But with Smith's case now on transfer, the Indiana Supreme Court held differently and reinforced the caselaw that settlements, regardless of the amount, do in fact negate any further company responsibility for worker's compensation coverage if that person hasn't first gotten consent. The justices applied what it called a long line of state decisions to support the proposition. Specifically the high court said Paragraphs 1 and 2 of Section 13 of the Worker's Compensation Act impose a bright-line rule that's long been recognized by Indiana courts before this case.

"For at least twenty years, the Court of Appeals has held that if an employee settles with a third party without first obtaining employer's consent, the employer's sole avenue for reimbursement of worker's compensation payments is through the employee, and the employer may not continue to pursue the third party," Justice Theodore Boehm wrote for the court, citing State v. Mileff, 520 N.E. 2d 123 (Ind. Ct. App. 1988). "Although some other jurisdictions do not adhere to the same interpretation of similar provisions, the Court of Appeals, citing the interest of finality from the point of view of the third party, has long held that once an employee releases the third party from liability related to the injury-causing accident, the employer may not continue to pursue that third party. Given this longstanding precedent on an issue of statutory interpretation, we believe it is up to the legislature to implement any change."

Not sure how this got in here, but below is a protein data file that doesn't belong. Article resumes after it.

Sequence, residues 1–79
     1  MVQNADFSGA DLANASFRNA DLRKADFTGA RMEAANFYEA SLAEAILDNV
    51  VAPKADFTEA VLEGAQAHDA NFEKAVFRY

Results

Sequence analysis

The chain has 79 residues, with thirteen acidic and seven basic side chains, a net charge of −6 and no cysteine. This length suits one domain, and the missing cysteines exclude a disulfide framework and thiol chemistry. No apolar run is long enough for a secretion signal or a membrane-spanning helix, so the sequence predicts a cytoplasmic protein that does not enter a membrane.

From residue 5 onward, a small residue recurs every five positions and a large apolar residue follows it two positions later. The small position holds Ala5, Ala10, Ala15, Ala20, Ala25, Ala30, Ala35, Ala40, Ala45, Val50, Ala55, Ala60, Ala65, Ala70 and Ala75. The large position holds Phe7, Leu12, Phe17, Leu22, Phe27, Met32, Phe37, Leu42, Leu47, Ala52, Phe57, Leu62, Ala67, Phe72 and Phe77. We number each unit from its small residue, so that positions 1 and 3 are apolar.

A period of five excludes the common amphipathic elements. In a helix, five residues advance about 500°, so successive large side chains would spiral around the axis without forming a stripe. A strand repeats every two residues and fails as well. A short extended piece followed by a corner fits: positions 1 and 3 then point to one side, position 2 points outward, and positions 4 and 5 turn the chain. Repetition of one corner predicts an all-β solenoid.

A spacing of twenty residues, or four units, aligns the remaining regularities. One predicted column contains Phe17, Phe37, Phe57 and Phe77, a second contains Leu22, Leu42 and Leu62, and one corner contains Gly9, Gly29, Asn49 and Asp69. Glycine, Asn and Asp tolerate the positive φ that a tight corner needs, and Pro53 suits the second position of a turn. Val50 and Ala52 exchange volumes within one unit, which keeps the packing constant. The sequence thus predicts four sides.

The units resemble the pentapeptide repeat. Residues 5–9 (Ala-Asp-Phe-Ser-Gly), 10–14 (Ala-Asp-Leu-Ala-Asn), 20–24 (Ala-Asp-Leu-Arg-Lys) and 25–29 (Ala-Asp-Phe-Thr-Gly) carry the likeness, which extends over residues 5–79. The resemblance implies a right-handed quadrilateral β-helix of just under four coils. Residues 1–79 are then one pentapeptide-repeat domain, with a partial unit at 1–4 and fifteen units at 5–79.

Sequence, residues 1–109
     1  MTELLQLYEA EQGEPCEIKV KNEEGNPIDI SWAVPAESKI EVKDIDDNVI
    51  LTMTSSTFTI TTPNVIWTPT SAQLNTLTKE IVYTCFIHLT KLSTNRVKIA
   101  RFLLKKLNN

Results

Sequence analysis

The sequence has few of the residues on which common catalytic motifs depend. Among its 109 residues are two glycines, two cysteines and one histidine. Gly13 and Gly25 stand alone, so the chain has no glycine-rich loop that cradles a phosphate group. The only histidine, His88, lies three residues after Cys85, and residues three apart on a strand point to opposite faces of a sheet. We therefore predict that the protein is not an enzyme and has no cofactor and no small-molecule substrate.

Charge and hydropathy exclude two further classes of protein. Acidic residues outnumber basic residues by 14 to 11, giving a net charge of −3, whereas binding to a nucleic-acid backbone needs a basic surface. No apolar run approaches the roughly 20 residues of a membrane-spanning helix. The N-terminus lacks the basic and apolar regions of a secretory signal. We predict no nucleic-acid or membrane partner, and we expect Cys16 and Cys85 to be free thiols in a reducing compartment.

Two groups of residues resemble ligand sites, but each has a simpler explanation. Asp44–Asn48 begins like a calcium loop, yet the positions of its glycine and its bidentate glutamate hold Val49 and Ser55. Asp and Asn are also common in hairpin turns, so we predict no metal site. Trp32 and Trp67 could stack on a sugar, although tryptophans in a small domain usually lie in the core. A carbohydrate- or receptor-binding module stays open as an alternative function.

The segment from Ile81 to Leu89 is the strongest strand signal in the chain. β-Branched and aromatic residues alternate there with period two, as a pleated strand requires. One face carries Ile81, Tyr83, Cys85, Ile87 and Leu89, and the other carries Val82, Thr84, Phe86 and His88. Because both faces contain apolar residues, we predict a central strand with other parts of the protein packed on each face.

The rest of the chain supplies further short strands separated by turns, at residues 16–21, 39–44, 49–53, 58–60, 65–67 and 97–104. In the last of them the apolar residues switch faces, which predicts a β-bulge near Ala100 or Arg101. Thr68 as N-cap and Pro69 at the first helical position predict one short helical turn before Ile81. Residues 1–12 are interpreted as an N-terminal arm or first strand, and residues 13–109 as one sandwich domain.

The justices affirmed the full compensation board's dismissal of Smith's adjustment application, and Justice Brent Dickson noted that he concurred in result.

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  1. Based on several recent Indy Star articles, I would agree that being a case worker would be really hard. You would see the worst of humanity on a daily basis; and when things go wrong guess who gets blamed??!! Not biological parent!! Best of luck to those who entered that line of work.

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  4. Law school is social control the goal to produce a social product. As such it began after the Revolution and has nearly ruined us to this day: "“Scarcely any political question arises in the United States which is not resolved, sooner or later, into a judicial question. Hence all parties are obliged to borrow, in their daily controversies, the ideas, and even the language, peculiar to judicial proceedings. As most public men [i.e., politicians] are, or have been, legal practitioners, they introduce the customs and technicalities of their profession into the management of public affairs. The jury extends this habitude to all classes. The language of the law thus becomes, in some measure, a vulgar tongue; the spirit of the law, which is produced in the schools and courts of justice, gradually penetrates beyond their walls into the bosom of society, where it descends to the lowest classes, so that at last the whole people contract the habits and the tastes of the judicial magistrate.” ? Alexis de Tocqueville, Democracy in America

  5. Attorney? Really? Or is it former attorney? Status with the Ind St Ct? Status with federal court, with SCOTUS? This is a legal newspaper, or should I look elsewhere?